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Muscle strain
Muscle strain


Treatment for leg strain
Treatment for leg strain


Definition:

A strain is when a muscle becomes overstretched and tears. This painful injury, also called a "pulled muscle," can be caused by an accident, improper use of a muscle, or overuse of a muscle.



Alternative Names:

Pulled muscle



Considerations:



Causes:
  • Excessive physical activity or effort
  • Improperly warming up before a physical activity
  • Poor flexibility


Symptoms:
  • Pain and difficulty moving the injured muscle
  • Discolored and bruised skin
  • Swelling


First Aid:
  • Apply ice immediately to reduce swelling. Wrap the ice in cloth -- avoid using ice directly on the skin. Apply ice for 10 to 15 minutes every 1 hour for the first day. Then, every 3 to 4 hours.
  • Use ice for the first 3 days. After that, either heat or ice may be helpful.
  • Rest the pulled muscle for at least a day. If possible, keep the pulled muscle elevated above the level of the heart.
  • Avoid using a strained muscle while it is still painful. When the pain subsides, start activity slowly and in moderation.


Do Not:



Call immediately for emergency medical assistance if:
  • You are unable to move the muscle.
  • The injury is bleeding.

Call your doctor if the pain does not go away after several weeks.



Prevention:
  • Warm-up properly before exercise and sports.
  • Keep your muscles strong and flexible.


References:

Mercier LR. Sports medicine. In: Mercier LR, ed. Practical Orthopedics. 6th ed. Philadelphia, Pa: Mosby Elsevier; 2008:chap 15.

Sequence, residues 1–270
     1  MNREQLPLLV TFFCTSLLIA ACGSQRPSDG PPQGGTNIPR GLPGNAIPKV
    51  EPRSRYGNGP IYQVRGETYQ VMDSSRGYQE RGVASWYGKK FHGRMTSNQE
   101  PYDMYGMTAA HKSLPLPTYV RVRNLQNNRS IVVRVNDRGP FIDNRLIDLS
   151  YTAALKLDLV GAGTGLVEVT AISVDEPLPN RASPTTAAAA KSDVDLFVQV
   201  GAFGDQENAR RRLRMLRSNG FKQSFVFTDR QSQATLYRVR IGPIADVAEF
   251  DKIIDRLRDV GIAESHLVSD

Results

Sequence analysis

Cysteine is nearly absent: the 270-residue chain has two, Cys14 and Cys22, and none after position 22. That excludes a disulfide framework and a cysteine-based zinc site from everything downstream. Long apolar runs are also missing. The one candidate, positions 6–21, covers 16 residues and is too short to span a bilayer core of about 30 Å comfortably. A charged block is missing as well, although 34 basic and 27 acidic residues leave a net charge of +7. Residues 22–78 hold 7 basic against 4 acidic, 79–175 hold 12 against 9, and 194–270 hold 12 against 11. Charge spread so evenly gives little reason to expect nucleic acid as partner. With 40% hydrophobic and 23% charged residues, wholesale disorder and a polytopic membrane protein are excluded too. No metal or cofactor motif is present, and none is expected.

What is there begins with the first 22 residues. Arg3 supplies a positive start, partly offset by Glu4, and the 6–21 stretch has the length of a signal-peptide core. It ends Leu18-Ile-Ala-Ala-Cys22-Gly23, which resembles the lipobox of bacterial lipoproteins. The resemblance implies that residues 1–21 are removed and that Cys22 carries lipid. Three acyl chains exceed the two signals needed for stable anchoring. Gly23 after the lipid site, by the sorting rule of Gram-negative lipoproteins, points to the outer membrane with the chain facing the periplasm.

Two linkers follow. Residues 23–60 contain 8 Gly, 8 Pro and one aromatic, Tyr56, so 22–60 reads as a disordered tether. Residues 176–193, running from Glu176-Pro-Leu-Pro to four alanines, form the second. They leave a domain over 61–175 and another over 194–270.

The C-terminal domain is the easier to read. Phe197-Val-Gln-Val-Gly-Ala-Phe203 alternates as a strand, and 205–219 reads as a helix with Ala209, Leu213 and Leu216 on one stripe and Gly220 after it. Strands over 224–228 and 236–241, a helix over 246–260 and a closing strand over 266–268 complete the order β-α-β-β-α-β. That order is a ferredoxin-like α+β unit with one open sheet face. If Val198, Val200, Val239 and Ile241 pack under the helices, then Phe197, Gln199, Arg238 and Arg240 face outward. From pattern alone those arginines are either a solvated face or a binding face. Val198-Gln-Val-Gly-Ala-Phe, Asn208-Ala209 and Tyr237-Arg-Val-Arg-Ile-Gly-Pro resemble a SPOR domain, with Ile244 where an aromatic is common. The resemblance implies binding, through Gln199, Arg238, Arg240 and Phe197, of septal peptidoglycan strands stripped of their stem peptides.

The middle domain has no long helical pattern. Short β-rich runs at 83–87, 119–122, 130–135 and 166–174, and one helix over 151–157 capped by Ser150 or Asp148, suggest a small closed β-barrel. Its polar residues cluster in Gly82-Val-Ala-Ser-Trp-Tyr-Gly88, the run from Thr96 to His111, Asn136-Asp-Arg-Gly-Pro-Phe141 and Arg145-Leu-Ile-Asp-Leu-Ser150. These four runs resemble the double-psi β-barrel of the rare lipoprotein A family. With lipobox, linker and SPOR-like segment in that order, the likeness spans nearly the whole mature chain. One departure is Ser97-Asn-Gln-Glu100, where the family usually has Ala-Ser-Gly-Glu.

Cohen I, Jouve C. Trapezius strain. In: Frontera, WR, Silver JK, eds. Essentials of Physical Medicine and Rehabilitation. 2nd ed. Philadelphia, Pa: Saunders Elsevier; 2008:chap 8.

Geiderman JM. General principles of orthopedic injuries. In: Marx J, ed. Rosen’s Emergency Medicine: Concepts and Clinical Practice. 6th ed. St Philadelphia, Pa: Mosby Elsevier; 2006:chap 46.




Review Date: 5/2/2009
Reviewed By: Linda J. Vorvick, MD, Medical Director, MEDEX Northwest Division of Physician Assistant Studies, University of Washington, School of Medicine. Also reviewed by David Zieve, MD, MHA, Medical Director, A.D.A.M., Inc.

The information provided herein should not be used during any medical emergency or for the diagnosis or treatment of any medical condition. A licensed medical professional should be consulted for diagnosis and treatment of any and all medical conditions. Call 911 for all medical emergencies. Links to other sites are provided for information only -- they do not constitute endorsements of those other sites. © 1997- A.D.A.M., Inc. Any duplication or distribution of the information contained herein is strictly prohibited.
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